POSTED ON JULY 20, 2011:
We fill the modern world with things to worship and distract
Webster's Dictionary says that "worship" takes place when we have an extravagant respect or admiration for or devotion to an object of esteem. In other words, worship happens when what we value most becomes the focus of of our devotion and affection.
If you don't believe me, tell me what you "daydream" about, what you lead with in conversations, what you worry about most, or for what you want to be known for and I'll show you what you worship.
I'll go further. What we worship, we serve. It's the default mode of the human heart.
Think about it. What we treasure most almost always gets placed on the pedestal of our hearts. And we go to great lengths to keep it perched perfectly there. We serve it. We attend to it. We gratify it. When it is threatened, we're like a frenzied mother bear safeguarding her cubs. In the words of INXS, "It ain't pretty when the pretty leaves you."
The Bible has a word for these things we worship. They are called idols.
Dr. Martin Lloyd-Jones says an idol is, "anything in our lives that occupies the place that should be occupied by God alone ... An idol is anything by which I live and on which I depend, anything that... holds such a controlling position in my life that ... it moves and rouses and attracts so much of my time and attention, my energy and money."
Within the collective consciousness of our culture, when we hear the word "idol," we probably think of the depiction of it from the classic movie, The Ten Commandments. Fresh off the heels of the Red Sea miracle, the former Egyptian slaves, now freed Israelites, are camping at the foot of Mount Sinai. When Moses, played by Charlton Heston, delays coming down from the mountain, the Israelite's faith in him dissolves and wooed by Dathan, they build a golden calf as an idol to worship in place of Yahweh God.
This idol was crafted because it appeared vital to the Israelites that a replacement be found for Moses, their intermediary (or spokesperson) to God. They were convinced that without an intermediary, there would be no further access to God and no method of securing his grace. Rabbi Lazer Gukow says, "their mistake was that they saw their intermediary (Moses), rather than God, as the initiative for revelation ... They had not yet absorbed the ... concept that man has direct access to God."
The Israelites desired to have an avenue to God but they placed their hope in someone (Moses) that they believed would give them access to what they really wanted, rather than finding their faith in the One. When there was no sign of Moses' return, they crafted a tangible object, as Gukow says, because "physical objects, they reasoned, can be safely preserved; they don't walk away and disappear as Moses did." It was Moses first, and then the Israelites moved to idols, which they felt compelled to devote their attention to. Not a good move.
It may seem silly in the 21st century to think we could ever find ourselves at the foot of a mountain, worshiping a golden idol. Sure, extolling a caramel-colored baby cow seems far fetched, but what if I told you we have our own golden idols we bow down to? Our golden calves are things like work, beauty, children, the American Dream, or money, just to name a few.
Now, work, beauty, children, and money are not bad things but when we take these good things and make them ultimate things, they become what the Bible calls idols. But it's actually worse than that. John Calvin said our hearts are a "perpetual factory of idols." We churn them out as naturally as we breathe in and out oxygen.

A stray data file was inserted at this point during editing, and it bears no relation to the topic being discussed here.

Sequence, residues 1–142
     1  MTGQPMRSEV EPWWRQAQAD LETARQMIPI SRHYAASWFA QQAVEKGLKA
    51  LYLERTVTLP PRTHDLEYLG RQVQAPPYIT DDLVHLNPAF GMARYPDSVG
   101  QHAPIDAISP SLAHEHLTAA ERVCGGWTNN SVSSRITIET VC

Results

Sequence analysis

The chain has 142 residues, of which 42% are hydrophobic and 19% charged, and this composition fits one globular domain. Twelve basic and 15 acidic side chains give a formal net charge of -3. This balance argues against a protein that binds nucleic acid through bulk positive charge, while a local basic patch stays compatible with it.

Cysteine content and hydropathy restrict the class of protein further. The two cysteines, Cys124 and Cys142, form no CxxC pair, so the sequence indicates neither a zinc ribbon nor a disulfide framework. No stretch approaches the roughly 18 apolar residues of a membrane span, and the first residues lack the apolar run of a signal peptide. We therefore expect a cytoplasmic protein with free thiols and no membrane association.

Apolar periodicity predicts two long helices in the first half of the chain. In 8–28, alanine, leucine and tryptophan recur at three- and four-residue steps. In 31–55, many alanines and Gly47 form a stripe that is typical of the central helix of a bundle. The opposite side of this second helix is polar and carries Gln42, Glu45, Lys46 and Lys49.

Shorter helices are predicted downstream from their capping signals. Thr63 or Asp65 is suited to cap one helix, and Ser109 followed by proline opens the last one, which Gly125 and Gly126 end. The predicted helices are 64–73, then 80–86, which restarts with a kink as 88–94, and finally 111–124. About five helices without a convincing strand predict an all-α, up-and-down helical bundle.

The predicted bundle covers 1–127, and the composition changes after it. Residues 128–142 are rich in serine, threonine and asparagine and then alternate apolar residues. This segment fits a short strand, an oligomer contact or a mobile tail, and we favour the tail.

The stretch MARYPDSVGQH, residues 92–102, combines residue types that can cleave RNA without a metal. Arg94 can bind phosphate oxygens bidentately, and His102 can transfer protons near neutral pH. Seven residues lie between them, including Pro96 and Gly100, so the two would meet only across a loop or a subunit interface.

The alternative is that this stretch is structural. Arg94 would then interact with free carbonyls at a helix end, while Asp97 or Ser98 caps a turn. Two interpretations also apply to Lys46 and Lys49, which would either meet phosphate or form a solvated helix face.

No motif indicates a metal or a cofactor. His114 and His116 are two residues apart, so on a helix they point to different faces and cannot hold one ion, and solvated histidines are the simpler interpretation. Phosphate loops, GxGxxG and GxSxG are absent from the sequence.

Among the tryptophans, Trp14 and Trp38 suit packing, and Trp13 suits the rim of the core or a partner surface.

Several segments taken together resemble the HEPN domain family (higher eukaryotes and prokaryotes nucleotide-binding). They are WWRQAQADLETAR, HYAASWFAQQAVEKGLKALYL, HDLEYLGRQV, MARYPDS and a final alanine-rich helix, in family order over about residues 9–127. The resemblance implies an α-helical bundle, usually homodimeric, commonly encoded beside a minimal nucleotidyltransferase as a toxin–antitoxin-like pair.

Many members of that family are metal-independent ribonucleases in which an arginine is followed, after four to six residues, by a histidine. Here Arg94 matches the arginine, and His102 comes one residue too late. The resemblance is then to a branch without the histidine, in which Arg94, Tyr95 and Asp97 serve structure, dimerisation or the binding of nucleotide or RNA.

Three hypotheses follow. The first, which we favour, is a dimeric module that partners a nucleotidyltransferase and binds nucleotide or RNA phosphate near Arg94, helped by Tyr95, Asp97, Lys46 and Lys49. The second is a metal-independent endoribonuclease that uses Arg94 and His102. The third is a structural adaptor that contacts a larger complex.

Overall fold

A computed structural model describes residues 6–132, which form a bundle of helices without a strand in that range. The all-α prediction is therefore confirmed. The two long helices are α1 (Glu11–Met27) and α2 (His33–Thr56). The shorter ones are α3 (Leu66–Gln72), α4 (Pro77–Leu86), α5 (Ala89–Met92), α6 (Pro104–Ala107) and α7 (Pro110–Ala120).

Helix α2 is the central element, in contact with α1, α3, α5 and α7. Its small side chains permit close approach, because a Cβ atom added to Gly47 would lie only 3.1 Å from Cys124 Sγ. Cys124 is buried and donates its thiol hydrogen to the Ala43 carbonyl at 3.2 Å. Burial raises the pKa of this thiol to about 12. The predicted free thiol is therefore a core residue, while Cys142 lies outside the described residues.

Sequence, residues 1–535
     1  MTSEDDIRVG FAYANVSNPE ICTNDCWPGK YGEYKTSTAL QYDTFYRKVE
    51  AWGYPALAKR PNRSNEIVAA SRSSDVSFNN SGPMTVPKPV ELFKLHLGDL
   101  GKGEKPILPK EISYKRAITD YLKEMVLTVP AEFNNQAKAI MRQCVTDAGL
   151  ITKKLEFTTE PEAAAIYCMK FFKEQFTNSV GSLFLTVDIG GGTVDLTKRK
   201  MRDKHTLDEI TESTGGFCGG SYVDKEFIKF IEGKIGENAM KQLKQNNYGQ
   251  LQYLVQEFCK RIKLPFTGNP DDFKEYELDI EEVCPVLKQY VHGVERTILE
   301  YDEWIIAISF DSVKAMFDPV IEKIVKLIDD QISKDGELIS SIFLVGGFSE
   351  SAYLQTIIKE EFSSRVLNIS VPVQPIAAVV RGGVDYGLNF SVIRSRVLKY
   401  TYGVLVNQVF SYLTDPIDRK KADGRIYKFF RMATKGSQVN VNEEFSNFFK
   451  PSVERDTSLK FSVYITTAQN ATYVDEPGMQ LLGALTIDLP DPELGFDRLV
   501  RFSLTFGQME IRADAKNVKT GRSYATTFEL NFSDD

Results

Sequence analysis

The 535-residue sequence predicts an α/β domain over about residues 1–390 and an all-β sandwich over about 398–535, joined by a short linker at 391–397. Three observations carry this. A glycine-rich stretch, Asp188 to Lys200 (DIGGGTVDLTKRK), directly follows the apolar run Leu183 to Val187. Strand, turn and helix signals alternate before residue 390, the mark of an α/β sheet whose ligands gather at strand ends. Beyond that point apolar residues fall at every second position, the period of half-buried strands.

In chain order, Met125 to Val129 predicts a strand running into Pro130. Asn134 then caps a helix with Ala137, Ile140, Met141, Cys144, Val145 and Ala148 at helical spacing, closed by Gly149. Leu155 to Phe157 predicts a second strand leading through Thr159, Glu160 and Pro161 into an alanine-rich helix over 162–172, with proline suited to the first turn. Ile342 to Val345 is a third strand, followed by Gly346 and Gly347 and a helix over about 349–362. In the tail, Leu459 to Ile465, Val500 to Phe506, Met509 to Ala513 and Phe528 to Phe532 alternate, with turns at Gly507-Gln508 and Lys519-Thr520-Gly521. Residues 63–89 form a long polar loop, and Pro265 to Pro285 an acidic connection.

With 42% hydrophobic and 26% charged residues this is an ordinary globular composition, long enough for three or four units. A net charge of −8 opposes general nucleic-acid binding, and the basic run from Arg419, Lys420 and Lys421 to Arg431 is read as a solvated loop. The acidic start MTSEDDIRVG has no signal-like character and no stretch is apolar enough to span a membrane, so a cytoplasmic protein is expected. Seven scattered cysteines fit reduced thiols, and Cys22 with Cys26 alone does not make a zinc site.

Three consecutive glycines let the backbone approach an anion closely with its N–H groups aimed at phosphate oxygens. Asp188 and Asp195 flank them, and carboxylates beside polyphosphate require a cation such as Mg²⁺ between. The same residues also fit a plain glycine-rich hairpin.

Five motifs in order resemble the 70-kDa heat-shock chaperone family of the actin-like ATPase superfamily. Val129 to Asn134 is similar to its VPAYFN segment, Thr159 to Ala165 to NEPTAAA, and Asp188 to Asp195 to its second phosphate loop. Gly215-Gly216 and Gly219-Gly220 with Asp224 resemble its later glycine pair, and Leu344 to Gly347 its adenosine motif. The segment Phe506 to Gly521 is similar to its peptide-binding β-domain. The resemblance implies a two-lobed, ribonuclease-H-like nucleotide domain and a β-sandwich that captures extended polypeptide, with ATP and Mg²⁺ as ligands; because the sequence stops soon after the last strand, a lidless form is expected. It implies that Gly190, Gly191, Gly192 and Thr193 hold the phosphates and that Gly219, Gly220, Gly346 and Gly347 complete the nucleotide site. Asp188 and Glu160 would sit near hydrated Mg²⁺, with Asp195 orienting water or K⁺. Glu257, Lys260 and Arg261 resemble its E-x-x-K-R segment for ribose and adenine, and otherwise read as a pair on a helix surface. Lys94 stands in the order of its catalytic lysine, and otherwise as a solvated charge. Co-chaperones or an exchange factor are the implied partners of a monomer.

Remember the "I Love Lucy" episode where Lucy and Ethel switch jobs with their husbands at the candy factory? There is the scene where Lucy and Ethel are charged with the job of wrapping up chocolates as they come down the assembly line. At first, they feel pretty confident that they can handle the job but before they know it, they can't keep up. The chocolates keep coming and coming and they get further and further behind. They try to hide unwrapped chocolates in their hats, in their clothes, and in their mouths.
This is a lot like what idols resemble in our lives. We are not only Lucy and Ethel but we are the ones on the other side of the wall producing the chocolates. We manufacture idols at a dizzying rate and then, like Lucy and Ethel, we act like they aren't there. I want to let you in on something: they are.
I like how Romans 1:25 says it: " ... they exchanged the truth about God for a lie and worshiped and served the creature rather than the Creator." In this passage, the apostle Paul is talking about the first humans, Adam and Eve, and giving us an account of how sin works.
In short, Paul is saying that Adam and Eve didn't "fall" into sin like we would accidentally plunge into a hole but that they literally changed their object of worship. That object of worship became their god. Little "g." And when they did, things have never been the same. Sin entered the world and we became separated from God.
When we change the object of our worship to something created rather than the Creator, it becomes idolatry and idolatry will always mess things up -- just like it did in the Garden of Eden. When you worship at the foot of your "golden calf," you are not in control of it. It will control you.
The raw truth is that idols never deliver what they promise. Ever. They may provide temporal pleasure but they fall short of giving sustaining joy -- the kind of joy we are desperate for. Further, God will not compete with your stuff. He will give you over to it if you want it bad enough.
So trade the "gods" coming down your assembly line for the Creator God. I promise, you will finally find the happiness and rest you've yearned to find.
-(Brad Andrews is lead pastor at Mercyview)
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